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Shotgun Mitogenomics Provides a Reference Phylogenetic Framework and Timescale for Living Xenarthrans

McMaster Ancient DNA Centre researchers and collaborators study sequences all living Xenarthra (armadillos, sloths, and anteaters); the first major placental mammal clade to be have all living species sequenced.

Mar 02, 2016

Authors: Gillian C. Gibb, Fabien L. Condamine, Melanie Kuch, Jacob Enk, Nadia Moraes-Barros, Mariella Superina, Hendrik N. Poinar, and Frédéric Delsuc

Molecular Biology and Evolution, Vol. 33, No. 3, November 2015, pp. 621–642. DOI: https://doi.org/10.1093/molbev/msv250

Abstract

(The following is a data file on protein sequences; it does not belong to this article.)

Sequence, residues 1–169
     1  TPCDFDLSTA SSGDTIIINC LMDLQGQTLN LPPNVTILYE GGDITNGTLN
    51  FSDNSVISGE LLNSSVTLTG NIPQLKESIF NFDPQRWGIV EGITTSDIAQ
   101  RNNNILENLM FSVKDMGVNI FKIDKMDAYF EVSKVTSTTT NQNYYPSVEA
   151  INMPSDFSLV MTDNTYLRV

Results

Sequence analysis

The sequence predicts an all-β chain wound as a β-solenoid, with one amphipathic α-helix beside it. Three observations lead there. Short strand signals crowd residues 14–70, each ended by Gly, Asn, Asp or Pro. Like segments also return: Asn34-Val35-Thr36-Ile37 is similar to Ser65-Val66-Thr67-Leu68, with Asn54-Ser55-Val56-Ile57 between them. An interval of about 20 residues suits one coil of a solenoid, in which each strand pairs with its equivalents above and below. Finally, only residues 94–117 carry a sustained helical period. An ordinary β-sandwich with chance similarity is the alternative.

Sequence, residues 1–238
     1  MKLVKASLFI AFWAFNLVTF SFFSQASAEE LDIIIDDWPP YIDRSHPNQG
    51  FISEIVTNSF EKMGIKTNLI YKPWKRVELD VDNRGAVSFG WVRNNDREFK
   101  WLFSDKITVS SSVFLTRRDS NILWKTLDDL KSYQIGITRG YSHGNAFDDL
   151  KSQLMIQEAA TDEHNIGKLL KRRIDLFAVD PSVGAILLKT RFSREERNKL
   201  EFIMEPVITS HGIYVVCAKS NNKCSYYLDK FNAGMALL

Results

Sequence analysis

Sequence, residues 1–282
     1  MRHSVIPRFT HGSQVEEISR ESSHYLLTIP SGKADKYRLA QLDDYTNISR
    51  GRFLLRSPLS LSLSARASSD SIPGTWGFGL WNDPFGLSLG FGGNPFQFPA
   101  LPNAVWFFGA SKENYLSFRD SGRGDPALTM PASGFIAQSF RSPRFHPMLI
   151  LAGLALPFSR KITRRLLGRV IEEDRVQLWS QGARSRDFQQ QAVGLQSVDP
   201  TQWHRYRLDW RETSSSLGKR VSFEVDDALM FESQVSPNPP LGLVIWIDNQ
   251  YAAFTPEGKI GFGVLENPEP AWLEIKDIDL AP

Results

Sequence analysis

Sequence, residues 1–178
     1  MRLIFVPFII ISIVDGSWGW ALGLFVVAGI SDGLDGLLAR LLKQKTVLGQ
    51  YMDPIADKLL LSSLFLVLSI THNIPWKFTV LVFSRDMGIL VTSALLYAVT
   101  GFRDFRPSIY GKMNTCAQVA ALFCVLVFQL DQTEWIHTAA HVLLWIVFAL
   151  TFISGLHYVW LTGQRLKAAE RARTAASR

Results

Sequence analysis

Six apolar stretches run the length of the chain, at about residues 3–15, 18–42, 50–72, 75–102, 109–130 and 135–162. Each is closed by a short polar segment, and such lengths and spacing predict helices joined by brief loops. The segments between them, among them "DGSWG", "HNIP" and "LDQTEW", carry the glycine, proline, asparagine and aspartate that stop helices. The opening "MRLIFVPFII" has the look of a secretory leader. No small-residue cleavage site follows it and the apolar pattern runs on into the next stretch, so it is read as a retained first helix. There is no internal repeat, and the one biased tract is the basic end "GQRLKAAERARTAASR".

Xenarthra (armadillos, sloths, and anteaters) constitutes one of the four major clades of placental mammals. Despite their phylogenetic distinctiveness in mammals, a reference phylogeny is still lacking for the 31 described species. Here we used Illumina shotgun sequencing to assemble 33 new complete mitochondrial genomes, establishing Xenarthra as the first major placental clade to be fully sequenced at the species level for mitogenomes. The resulting data set allowed the reconstruction of a robust phylogenetic framework and timescale that are consistent with previous studies conducted at the genus level using nuclear genes. Incorporating the full species diversity of extant xenarthrans points to a number of inconsistencies in xenarthran systematics and species definition. We propose to split armadillos into two distinct families Dasypodidae (dasypodines) and Chlamyphoridae (euphractines, chlamyphorines, and tolypeutines) to better reflect their ancient divergence, estimated around 42 Ma. Species delimitation within long-nosed armadillos (genus Dasypus) appeared more complex than anticipated, with the discovery of a divergent lineage in French Guiana. Diversification analyses showed Xenarthra to be an ancient clade with a constant diversification rate through time with a species turnover driven by high but constant extinction. We also detected a significant negative correlation between speciation rate and past temperature fluctuations with an increase in speciation rate corresponding to the general cooling observed during the last 15 My. Biogeographic reconstructions identified the tropical rainforest biome of Amazonia and the Guiana Shield as the cradle of xenarthran evolutionary history with subsequent dispersions into more open and dry habitats.

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